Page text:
For bringing the image 3 into the center of the screen where hairlines 3| intersect each other, a manually operated mechanism is provided for moving the mirror E0 in different directions so as to counteract the displacements of the image caused by the operation of the cams 20, 2|. Mirror H3 is also mounted on a ball and socket type bearing, being provided with a ball-shaped projection 32 at the under side rotatively supported in a round socket 33 which is in turn supported on legs 34 mounted on the base 35 of the housing. The ball-shaped projection 32 is provided with a depending rod 36 pivotally connected at 38 to one end of a rod 39 whose other end is pivotally connected at 40 to the lower end of an operating stick 42. The latter is provided with a ball 43 at its intermediate portion rotating in a bearing 44 supported on legs 45 mounted on the base 35. The upper portion of the stick &2 extends through a large hole 46 in the upper wall 41 of the extension 2 and is provided with a suitable handle 48 for its manipulation. By rocking the stick i2 back and forth, the mirror is made to be rotated in a vertical plane. For its rotation in another vertical plane at right angles to the first plane, the lower end portion of the stick is placed in a fork-shaped end portion 50 of a second rod rotatively supported in its intermediate portion on a pivot 52. The other end of the second rod 5| is provided with a similar fork 53 engaging the lower portion of the rod 3-6. Thus, by rocking the stick 42 from side to side, the mirror ill is caused to rotate in a second vertical plane at right angles to the first plane. By suitably moving the stick 42 in all directions, the movements of the upper mirror II can be compensated for maintaining the image 8 exactly in the center of the screen 3.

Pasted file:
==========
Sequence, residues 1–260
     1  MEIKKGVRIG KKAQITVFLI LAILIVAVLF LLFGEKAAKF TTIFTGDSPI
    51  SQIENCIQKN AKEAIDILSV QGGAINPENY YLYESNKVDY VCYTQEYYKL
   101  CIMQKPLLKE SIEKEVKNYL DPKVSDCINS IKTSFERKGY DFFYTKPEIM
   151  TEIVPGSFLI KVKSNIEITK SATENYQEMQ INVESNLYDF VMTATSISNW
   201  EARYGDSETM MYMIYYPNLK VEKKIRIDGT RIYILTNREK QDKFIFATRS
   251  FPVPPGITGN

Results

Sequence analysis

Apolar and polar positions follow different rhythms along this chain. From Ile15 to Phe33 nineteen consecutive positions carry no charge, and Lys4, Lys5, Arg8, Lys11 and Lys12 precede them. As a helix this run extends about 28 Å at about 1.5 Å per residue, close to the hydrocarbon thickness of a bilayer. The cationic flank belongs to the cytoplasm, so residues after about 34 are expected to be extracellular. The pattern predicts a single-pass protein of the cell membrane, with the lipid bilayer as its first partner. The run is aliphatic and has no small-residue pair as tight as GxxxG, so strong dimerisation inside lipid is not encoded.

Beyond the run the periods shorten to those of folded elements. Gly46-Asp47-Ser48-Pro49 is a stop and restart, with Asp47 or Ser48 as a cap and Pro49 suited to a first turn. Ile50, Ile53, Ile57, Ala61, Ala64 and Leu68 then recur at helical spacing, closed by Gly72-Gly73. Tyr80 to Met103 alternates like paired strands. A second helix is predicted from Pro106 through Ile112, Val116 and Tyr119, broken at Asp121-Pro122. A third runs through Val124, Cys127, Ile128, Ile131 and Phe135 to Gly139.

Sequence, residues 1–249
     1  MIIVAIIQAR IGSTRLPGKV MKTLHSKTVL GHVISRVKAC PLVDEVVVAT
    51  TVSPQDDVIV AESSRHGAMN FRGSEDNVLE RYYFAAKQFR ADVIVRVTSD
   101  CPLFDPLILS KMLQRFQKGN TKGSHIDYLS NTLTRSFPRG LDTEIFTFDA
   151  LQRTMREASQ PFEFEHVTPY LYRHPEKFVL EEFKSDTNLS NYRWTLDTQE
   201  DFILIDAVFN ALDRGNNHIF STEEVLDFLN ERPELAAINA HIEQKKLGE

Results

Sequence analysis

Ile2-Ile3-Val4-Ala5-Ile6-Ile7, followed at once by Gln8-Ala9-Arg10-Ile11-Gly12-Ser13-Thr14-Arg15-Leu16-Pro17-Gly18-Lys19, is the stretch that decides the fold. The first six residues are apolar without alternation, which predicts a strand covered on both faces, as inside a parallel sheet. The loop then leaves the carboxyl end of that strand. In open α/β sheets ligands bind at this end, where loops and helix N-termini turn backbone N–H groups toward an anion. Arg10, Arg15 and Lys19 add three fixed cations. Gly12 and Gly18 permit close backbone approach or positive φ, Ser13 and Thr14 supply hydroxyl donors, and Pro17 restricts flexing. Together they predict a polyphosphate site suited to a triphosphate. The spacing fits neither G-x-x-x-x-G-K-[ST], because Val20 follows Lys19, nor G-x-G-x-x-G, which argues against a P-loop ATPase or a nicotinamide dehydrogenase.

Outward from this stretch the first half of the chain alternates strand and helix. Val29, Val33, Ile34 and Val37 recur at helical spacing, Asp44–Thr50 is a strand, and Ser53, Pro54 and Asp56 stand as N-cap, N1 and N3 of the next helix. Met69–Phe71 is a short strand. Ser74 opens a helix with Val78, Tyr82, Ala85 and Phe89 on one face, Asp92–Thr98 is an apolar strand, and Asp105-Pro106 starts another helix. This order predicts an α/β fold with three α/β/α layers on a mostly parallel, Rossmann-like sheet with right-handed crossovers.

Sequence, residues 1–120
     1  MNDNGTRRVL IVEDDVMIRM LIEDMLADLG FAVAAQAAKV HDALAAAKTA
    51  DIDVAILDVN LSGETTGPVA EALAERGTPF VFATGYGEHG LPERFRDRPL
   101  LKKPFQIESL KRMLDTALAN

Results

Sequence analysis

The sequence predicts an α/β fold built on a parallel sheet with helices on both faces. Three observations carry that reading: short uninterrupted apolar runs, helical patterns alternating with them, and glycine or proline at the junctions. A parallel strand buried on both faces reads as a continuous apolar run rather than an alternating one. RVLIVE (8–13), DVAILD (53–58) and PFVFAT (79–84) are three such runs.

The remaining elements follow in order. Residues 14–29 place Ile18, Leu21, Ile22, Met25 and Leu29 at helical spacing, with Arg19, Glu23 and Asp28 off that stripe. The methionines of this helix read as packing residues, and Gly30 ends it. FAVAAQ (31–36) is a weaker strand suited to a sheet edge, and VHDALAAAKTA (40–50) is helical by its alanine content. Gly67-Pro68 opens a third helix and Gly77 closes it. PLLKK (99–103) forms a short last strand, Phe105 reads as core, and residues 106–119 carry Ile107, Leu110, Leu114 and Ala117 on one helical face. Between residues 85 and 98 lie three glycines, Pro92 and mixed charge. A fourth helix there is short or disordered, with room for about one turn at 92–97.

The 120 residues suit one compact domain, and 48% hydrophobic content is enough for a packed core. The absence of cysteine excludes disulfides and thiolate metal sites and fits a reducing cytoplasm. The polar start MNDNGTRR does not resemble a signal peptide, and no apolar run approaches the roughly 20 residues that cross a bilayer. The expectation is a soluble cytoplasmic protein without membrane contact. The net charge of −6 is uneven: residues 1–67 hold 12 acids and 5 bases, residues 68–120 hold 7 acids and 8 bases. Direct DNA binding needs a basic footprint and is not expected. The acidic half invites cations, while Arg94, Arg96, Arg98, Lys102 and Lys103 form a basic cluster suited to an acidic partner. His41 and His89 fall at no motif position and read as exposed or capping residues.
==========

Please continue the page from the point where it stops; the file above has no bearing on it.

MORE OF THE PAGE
The machine is provided with a coin actuated switch for starting operation of the motor ii. A second motor operated switch is also provided for limiting the operation of the machine to a predetermined length of time such as one minute,

for instance. A coin slide 55 is provided for this purpose with a coin slot 56. The slide can be manually moved for dropping the coin into a coin box 57. A door 58 is provided with a lock for removing the coins. A switch 59 (Fig. 5) of a conventional or other construction is provided for starting operation of the motor ll. The coin mechanism may be also of a conventional or other construction and is shown only diagrammatically in Fig. 1.